A few months ago, my grandfather went and purchased several hundred pounds of fresh shrimp at a ridiculously cheap price so all of us in the family bought a few pounds off of him. Robb and I ate a couple of pounds freshly steamed and froze a few more pounds knowing that we would need to make it a point to eat them before they ended up freezer burned.

Enter shrimp po’boys.

The finished product – yum!!

My mom started fixing shrimp po’boys a few years ago when we were just looking for something new for dinner. I absolutely fell in love with them. Our shrimp po’boys are ridiculously easy to fix – fried shrimp, lettuce, tomato, and baguette, but it is our remoulade sauce that elevates the dish.

A remoulade is a sauce that typically mayonnaise-based with the addition of herbs and other spices. Our recipe is super simple but the secret is to fix it the night before to let all the flavors blend and meld together.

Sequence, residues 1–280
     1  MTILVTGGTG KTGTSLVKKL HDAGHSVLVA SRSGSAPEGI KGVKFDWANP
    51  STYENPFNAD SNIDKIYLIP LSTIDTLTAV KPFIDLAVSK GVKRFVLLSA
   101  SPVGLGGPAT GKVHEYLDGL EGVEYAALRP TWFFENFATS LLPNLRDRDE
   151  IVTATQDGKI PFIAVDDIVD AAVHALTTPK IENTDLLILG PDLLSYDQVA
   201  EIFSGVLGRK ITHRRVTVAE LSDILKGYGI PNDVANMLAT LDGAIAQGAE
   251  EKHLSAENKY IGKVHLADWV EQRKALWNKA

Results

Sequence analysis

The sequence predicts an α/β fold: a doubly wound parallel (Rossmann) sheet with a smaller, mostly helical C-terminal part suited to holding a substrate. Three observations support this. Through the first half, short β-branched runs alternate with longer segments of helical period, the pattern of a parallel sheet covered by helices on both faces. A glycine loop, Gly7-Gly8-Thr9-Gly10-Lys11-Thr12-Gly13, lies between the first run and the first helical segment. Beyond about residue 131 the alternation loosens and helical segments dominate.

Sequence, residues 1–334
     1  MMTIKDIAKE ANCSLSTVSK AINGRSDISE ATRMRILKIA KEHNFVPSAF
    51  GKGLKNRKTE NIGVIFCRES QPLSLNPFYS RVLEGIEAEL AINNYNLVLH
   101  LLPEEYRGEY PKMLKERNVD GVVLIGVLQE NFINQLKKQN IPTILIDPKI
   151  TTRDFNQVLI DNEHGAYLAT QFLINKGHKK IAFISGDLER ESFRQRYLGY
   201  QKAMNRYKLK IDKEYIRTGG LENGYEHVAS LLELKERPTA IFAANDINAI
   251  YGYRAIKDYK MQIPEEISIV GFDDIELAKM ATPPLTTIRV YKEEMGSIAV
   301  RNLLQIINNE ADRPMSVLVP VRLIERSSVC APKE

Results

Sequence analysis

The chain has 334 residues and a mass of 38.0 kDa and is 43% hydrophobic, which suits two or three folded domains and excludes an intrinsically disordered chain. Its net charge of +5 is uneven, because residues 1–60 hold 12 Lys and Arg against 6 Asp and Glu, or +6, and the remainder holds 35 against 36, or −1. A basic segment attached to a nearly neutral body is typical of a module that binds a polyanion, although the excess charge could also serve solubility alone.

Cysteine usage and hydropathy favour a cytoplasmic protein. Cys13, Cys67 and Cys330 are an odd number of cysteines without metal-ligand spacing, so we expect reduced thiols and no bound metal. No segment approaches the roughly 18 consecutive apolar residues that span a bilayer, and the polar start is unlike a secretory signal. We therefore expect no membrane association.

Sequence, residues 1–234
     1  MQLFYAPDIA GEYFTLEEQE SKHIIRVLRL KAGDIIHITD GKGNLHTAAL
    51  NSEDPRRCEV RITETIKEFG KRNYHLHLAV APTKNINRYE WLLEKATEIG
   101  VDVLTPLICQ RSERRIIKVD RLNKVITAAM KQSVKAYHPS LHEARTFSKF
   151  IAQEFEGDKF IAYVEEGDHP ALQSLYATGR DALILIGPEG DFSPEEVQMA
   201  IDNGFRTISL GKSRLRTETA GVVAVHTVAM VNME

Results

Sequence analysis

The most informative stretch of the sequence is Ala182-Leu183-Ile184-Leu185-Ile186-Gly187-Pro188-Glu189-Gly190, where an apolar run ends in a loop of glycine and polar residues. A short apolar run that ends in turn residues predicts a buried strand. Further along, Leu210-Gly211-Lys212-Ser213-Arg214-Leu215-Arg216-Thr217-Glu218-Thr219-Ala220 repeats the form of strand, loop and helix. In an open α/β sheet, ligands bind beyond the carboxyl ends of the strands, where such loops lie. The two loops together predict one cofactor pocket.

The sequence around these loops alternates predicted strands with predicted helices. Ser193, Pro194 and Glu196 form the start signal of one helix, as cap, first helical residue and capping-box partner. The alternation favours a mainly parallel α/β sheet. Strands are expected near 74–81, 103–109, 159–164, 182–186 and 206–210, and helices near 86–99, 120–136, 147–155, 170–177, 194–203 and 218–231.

Remoulade for Po’Boys

  • 1 cup mayonnaise
  • ⅔ cup ketchup
  • 3-4 tbsp minced horseradish
  • 1 tbsp creole seasoning
  • ½ tsp garlic powder
  • ½ tsp paprika
  • 1 tbsp lemon juice

Mix together and refrigerate. Best if made the night before.

I used House Autry fish fry seasoning to bread my peeled shrimp. I filled up a pot a few inches with vegetable oil, heated it up on medium high until the surface shimmered.
The finished shrimp. I tested the hot oil with a few shrimp of breading to test that it was ready then added the shrimp – SLOWLY – and fried for a few minutes. We don’t use napkins, so we used a piece of newsprint.

On Robb’s request, we steamed about half of the shrimp using some beer and a blend of Old Bay and a spicy seasoning that we had picked up at Whole Food’s earlier. The steamed shrimp were absolutely delicious and we certainly ate our fill of them!

Steamed shrimp!
Robb enjoying our feast before I fixed our po’boys.